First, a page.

It’s not uncommon that a true native of Cape May is connected to all these industries.
That’s so true. And my great grandparents were the last lighthouse keepers of Cape May Lighthouse before it switched to an automated electric light in the 1930s.
Okay, so that definitely makes you Cape May royalty.
(laughing) And I grew up on New England Road and my mom still lives there.
Was summer 2022 a good one?
Well, it started off with someone driving in reverse on my street and hitting my car. So that’s how I knew summer in Cape May officially started! I suppose the best part of the summer was Dan finding an old croquet set in the house he is renovating for his mother and our whole friend group got really hooked on croquet. Every Sunday we all got together with some tea sandwiches and played croquet.
How Victorian of you!
Oh, it’s very Victorian! Summer can be tough when you live and work here, and it brought much-needed levity. But this past summer was great!
I’d like to talk for a moment about the summer of 2019 when you and your husband showed your support to the LGBT community. You allowed your store to be the host location for a gay pride event that benefited the Straight Gay Alliance clubs of the local schools.
We loved it! It was important to me and important to my staff. We thought, “Yeah, we should celebrate!” And that’s the Cape May I remember from when I was growing up—an all-inclusive place. Some of the younger people who worked for me were concerned that Cape May was not the all-inclusive place that it had been when they were growing up. That’s why we felt it was so important to celebrate—so it continues to feel inclusive to others.
Would you say that Cape May was more inclusive in the 90s than it is now?
It’s not as visible now as it was then. I think about the younger members of my staff and my circle of friends and how it must be for them when it’s not as visible. That’s the importance of hosting a gay pride event—so it is visible.
The community seemed thrilled with it.
That was spearheaded by (staff and friends) Michelle, Wesley, Steven, and Mag. They approached me, and I said, “Yes, let’s do it.” I was so proud of each of them for putting it together. And so many of our neighbors here on Washington Street supported us. We even had parents of kids who came in and thanked us.
You were also quite active with the West Cape May’s zoning for a while, weren’t you?
For a few years I was on Planning and Zoning. I hope in the future I will have more time to work with things like that, but I don’t know if I’m quite there yet. The shop is my priority, and I also work for Cape May MAC. I’m just very busy right now.
What are you doing for Cape May MAC?
I am helping with their online shop and creating merchandise with them. We have some really cool note cards based on the stained glass in the windows in the Physick Estate. Steven Olszewski is doing an awesome job illustrating them. It’s really fun and a different kind of design project. We’re going to be doing some beautiful silk scarves based on the Lincrusta [wallpaper in the Phyisick house]. I love this gig. And I get to go on some deep dives into history and Frank Furness [architect of the Emlen Physick Estate].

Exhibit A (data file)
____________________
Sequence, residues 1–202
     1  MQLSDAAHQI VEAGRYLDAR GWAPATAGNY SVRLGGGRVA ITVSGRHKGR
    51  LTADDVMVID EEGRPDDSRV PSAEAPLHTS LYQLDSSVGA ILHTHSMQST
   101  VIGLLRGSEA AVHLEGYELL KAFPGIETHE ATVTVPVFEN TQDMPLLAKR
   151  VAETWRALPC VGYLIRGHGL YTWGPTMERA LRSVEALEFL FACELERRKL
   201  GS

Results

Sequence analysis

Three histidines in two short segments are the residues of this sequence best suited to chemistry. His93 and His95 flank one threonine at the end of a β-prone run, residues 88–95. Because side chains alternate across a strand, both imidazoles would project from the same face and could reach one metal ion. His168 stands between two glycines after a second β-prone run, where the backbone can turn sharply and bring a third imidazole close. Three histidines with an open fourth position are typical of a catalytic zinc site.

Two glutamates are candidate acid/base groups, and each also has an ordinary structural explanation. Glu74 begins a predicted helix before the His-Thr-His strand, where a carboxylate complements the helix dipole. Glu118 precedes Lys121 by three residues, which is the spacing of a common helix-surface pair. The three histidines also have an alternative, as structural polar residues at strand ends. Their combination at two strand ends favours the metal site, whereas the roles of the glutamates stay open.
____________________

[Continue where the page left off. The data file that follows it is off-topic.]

As a designer, can you comment on the Physick Estate’s clean lines and geometry of Frank Furness layered with the opulent redecoration that Dr. Physick did in 1889?
I think Furness was confined by the Victorian era, and he was also confined by his clients’ taste. He designed for very innovative people. He often designed a home for a client who might have wanted, let’s say, some French Revival. With all the style revivals of the 19th century, Furness was concerned with where things were going. He was pulling new designs right out of his head, not taking them from the past like so many other designers of the time. Because of this, I see Furness as the birth of a uniquely modern American architecture.
Any sage advice to readers who might want to start a business?
I’m not sure I’ve been on this planet long enough to be giving anyone sage advice. Check back in a few decades! However, I can borrow from someone who did earn their stripes. When I first opened the shop, Rosemary Stumpo (Cape May restaurateur and former purchaser for Wanamaker’s) would always stop by. She’d razz me, we’d share some laughs, and she left me with lots of great business advice that often doubled as life advice. The early days of starting a business are accompanied by lots of doubt but Rosemary would always tell me, “You’ve got panache” and encourage me to simply keep going.
One day, as I was waist deep in cardboard, unpacking boxes while wondering if starting a business was a good idea or not, I heard laughter coming from the front door. Rosemary was standing in the doorway and yelled to the back, “I bet you forgot you ordered all that stuff, didn’t ya?” I took a break; we sat up in the front window and she told me a patented Rosemary one-liner that really stuck with me: “Don’t be afraid to live on the brink of overboard.” Whether it’s your business, your relationships, or your passions, you’ve just gotta’ trust your guts and give it
your all! ■